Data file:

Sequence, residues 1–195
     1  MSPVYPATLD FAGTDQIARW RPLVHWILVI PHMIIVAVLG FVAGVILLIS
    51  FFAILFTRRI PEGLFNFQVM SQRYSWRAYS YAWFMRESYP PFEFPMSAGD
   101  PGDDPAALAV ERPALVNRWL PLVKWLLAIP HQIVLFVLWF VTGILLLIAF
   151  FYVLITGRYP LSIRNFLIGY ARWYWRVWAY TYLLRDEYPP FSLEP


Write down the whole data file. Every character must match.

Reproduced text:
Sequence, residues 1–195
     1  MSPVYPATLD FAGTDQIARW RPLVHWILVI PHMIIVAVLG FVAGVILLIS
    51  FFAILFTRRI PEGLFNFQVM SQRYSWRAYS YAWFMRESYP PFEFPMSAGD
   101  PGDDPAALAV ERPALVNRWL PLVKWLLAIP HQIVLFVLWF VTGILLLIAF
   151  FYVLITGRYP LSIRNFLIGY ARWYWRVWAY TYLLRDEYPP FSLEP